According to the Moulvibazar Agriculture Extension Department, farmers cultivated Boro paddy on 130,031 acres of land against the target 131,252 acres, in the whole district
Farmers of Moulvibazar's Hakaluki, Kauadighi, and Hail haors, along with other haors, have started harvesting their Boro paddies ahead of schedule due to adverse weather conditions and heavy rain.
Whenever the sky turns black with thick clouds, the hearts of the local farmers fill with fear, and panic strikes them as they worry about whether they will be able to collect this year's harvest without losing some to unfavorable weather conditions.
According to the Moulvibazar Agriculture Extension Department, farmers cultivated Boro paddy on 130,031 acres of land against the target 131,252 acres, in the whole district.
Expressing great worry, local farmers Selim Ahmad, Laikujjaman, and Kamruzzaman have already started harvesting as they fear that heavy rain and adverse weather conditions will cause them extensive loses despite a bumper Boro yield in the area.
It has been observed that due to the heavy rain in the area, water levels of the local rivers and canals have risen to alarming heights. Hailstorms are also responsible for causing immense damage to the Boro yield of the district.
Anfar Ali, Abdul Khaliq, Majnu Miah — all Boro paddy farmers from the Bhukshimoil union — have told the reporter that they are fearing a flood this year, which could take away all of their yield and leave them empty-handed.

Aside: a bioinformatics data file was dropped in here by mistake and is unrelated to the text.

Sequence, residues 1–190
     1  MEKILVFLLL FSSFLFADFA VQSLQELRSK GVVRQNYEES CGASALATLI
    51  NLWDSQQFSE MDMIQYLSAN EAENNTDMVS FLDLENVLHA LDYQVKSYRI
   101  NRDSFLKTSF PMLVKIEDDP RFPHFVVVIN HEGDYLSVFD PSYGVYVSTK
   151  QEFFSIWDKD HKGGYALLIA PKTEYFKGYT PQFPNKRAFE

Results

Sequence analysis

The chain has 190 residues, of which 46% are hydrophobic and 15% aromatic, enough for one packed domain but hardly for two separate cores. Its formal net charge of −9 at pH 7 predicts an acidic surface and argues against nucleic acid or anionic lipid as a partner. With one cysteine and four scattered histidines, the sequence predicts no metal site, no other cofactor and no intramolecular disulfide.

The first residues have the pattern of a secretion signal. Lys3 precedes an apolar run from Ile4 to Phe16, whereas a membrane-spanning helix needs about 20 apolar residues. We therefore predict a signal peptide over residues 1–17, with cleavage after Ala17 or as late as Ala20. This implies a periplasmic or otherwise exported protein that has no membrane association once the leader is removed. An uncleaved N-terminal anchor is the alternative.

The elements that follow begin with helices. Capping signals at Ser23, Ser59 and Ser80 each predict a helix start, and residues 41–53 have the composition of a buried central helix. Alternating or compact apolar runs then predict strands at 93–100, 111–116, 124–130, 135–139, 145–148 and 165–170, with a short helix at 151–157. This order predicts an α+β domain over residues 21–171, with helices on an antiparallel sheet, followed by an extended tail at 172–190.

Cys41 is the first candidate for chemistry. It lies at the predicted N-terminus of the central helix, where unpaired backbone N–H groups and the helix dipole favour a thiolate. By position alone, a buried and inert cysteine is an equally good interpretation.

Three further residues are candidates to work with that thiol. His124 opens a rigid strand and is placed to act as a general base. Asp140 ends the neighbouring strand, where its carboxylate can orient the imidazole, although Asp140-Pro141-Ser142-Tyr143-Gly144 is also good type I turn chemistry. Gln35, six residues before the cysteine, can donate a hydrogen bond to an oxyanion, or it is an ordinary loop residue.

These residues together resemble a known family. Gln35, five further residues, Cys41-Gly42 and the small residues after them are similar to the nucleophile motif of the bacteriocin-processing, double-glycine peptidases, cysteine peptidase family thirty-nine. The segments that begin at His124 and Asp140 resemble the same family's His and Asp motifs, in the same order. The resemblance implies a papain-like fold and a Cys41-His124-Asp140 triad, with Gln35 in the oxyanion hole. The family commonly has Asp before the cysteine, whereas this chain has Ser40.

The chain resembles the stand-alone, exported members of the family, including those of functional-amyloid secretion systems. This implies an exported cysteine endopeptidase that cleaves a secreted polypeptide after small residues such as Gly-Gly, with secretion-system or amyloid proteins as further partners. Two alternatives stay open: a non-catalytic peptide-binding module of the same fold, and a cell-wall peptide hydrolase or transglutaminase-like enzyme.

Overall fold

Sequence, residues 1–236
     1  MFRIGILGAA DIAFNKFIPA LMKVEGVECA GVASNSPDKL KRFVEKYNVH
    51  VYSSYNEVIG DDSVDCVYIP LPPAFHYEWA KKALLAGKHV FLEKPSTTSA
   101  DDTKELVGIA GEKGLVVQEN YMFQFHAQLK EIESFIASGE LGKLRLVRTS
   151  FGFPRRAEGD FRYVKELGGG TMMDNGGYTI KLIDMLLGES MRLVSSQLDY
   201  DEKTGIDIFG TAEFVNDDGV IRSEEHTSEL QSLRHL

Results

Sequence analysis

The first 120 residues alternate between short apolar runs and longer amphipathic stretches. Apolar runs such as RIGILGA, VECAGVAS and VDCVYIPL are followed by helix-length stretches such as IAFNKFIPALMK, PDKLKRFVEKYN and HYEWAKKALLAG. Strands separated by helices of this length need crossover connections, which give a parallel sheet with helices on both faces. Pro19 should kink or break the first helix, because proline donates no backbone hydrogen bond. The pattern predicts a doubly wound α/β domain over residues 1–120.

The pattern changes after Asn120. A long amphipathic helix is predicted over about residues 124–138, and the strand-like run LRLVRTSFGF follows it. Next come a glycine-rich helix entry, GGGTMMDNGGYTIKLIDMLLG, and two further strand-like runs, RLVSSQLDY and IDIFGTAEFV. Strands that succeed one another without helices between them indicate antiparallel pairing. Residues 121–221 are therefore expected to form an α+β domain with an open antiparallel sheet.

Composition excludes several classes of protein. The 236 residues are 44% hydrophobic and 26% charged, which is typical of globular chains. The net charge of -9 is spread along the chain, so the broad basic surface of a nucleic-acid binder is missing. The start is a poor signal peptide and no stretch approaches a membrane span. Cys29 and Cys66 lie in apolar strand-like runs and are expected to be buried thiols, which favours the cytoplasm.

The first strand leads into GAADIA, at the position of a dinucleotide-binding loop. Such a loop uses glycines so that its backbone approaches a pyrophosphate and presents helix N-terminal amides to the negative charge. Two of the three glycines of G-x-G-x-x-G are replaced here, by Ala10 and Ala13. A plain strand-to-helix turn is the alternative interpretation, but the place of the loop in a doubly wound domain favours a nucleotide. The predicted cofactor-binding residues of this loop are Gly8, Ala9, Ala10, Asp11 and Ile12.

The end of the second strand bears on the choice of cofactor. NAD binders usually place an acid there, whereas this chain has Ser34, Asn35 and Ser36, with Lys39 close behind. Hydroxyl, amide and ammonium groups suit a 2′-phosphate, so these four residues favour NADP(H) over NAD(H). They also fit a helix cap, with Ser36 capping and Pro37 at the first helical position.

"We have started harvesting. Despite the pest attacks on our crops, we expected a good yield, but bad weather has left us worrying a great deal about the harvest and profit.
"We are very concerned"
Commenting on the situation, Haor Bachao, Krishak Bachao, Krishi Bachao Sangram Parishad President Siraj Uddin Ahmed Badshah said: "People of the haor region have been neglected for a very long time. The government has not implemented their promises to develop the haor areas.”
He added: "The government needs to come forward to save all the haors and rivers of the district, as well as the people living here, from the verge of destruction. Only then — along with natural resources here — the haor will live, agriculture will live, and the local farmers will be able to live."
Kulaura Agriculture Officer Jagalul Haider said: "The crop is good. Boro paddy harvesting began in a different way in the haor. There is nothing to worry about. There will be some rain during Chaitra and Boishakh."
On the issue, Moulvibazar Agriculture Extension Department Deputy Director Mohammad Shahjahan told the Dhaka Tribune: "The amount of rainfall in area till now has caused no damage to Boro paddy cultivation in the district.
"Farmers in Hakaluka have already started harvesting their crops. I hope the farmers will be able to collect their harvest without any interruption.”
Responding to a question about farmers harvesting their crops ahead of schedule due to the fear of rain and adverse weather conditions, he said: "Why would the farmers harvest half-ripened paddy? No-one does that.
"According to the correct scientific methods, farmers should harvest their cultivation when 80% of their whole yield is ripe, but our farmers wait even longer," he added.